For Colored Girls … Is Representation Enuf?

The Tyler Perry film version of Ntozake Shange’s For Colored Girls opens this coming week. What better moment to consider the representation of black women in popular U.S. culture. Forgive us if we cringe in anticipation …

I was talking to my homegirl the other day about why she hadn’t yet seen the movie Precious: Based on the Novel Push, by Sapphire. I joked that she should stop being scared and go ahead and “Netflix it,” knowing full well that she had refused to see it when it was in theaters based purely on how anxious and depressed she became whenever she saw a trailer for it. Precious is the story of an illiterate, desperately poor and morbidly obese young black woman (Gabourey Sidibe) who is molested by her welfare-hustling mother (Mo’nique) and has given birth to two children by her rapist father. By the film’s conclusion, “transformed” by her association with a teacher who encourages her to learn to read, she manages to crawl to what I would call the second circle of hell: a group home where she is able to have full custody of her two children (one with cerebral palsy). That’s it. She is allowed entry onto the next floor of a seemingly endless house of dejection and pathology.

In 2009, after former first lady Barbara Bush screened Precious at her home in Houston, she responded to the film in Newsweek as if it were a documentary on black life. She went on to tell NPR in an interview–speaking of using the film as impetus to revitalize her literacy project–“The movie is so strong and so honest.”

This is what the portrayal and resulting internalization of black women as “phobic objects” is meant to do: offer symbols meant to trigger fear and/or revulsion in the consciousness of a racist culture. We’re portrayed in ways that are less about our humanity and the nuance of our unique experience than about being the foils upon which the value of whiteness is solidified. The other purpose of such portrayals is to create revulsion in the psyches of black women, so that we learn to mistrust and even hate the images of ourselves, both “real” and imagined.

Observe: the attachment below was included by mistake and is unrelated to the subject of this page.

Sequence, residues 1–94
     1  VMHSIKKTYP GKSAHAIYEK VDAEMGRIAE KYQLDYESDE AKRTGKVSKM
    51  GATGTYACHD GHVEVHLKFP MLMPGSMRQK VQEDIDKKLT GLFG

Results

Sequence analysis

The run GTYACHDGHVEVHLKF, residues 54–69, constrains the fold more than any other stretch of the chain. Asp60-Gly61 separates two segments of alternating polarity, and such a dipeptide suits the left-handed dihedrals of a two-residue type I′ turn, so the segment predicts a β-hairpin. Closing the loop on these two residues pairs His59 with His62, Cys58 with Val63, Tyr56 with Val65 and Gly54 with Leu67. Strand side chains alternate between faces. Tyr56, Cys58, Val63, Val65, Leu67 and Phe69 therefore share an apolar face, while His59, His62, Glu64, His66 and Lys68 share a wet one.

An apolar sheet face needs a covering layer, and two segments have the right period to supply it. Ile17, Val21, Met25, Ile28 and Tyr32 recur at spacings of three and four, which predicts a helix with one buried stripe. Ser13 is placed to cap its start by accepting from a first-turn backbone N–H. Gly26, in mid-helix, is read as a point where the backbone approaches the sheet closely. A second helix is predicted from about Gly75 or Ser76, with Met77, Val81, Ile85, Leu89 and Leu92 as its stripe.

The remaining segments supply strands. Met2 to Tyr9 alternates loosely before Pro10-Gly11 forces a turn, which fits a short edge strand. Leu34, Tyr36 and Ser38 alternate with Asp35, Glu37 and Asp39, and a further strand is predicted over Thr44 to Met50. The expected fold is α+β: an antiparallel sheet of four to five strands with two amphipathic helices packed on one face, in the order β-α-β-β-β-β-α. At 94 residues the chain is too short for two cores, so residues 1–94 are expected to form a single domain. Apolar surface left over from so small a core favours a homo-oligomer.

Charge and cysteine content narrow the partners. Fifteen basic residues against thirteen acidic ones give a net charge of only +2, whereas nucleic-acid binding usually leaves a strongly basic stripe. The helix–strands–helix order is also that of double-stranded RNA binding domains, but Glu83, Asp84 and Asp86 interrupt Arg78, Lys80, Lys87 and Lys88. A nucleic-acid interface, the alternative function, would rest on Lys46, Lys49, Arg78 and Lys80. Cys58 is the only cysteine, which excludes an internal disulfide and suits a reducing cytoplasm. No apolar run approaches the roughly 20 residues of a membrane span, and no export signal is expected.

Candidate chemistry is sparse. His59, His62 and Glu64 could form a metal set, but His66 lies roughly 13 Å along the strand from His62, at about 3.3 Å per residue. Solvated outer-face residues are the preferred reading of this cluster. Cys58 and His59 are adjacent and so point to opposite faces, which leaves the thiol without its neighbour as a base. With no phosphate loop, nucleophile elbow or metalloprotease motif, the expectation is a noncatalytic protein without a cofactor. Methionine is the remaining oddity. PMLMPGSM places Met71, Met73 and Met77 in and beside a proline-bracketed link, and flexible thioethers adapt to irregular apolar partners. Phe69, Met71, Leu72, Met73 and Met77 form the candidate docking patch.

In The Same River Twice: Honoring the Difficult, Alice Walker’s memoir about the making of her novel, The Color Purple into a film, she observed,

I belong to a people, heart and soul, who do not trust mirrors. Not those, in any case, in which we ourselves appear. …Our shame is deep.

The shame that Walker identifies, so intermingled with rage and profound pain, is akin to the “trauma of representation” spoken of in On Black Men by cultural critic David Marriott. This trauma occurs when black people internalize the racist fantasies the dominant culture creates and disseminates about us in photography and film.

What happens when black women are not allowed the opportunity to control the myriad cultural images that speak so intimately about us? When there isn’t any space for us to “dream ourselves differently” from a cultural narrative rooted in a history of slavery, racism and male domination?

It doesn’t make representations of black women any less abominable when they are brought to the screen by black people. Precious was directed by Lee Daniels and produced by media moguls Tyler Perry and Oprah Winfrey. Both Daniels and Perry have been accused of creating demeaning and stereotypical depictions of black women, a charge that suggests the internalization of phobic representations is a phenomenon that knows no gender or racial boundaries. As the proverb goes, when the ax came into the forest the trees said, “the handle is one of us.”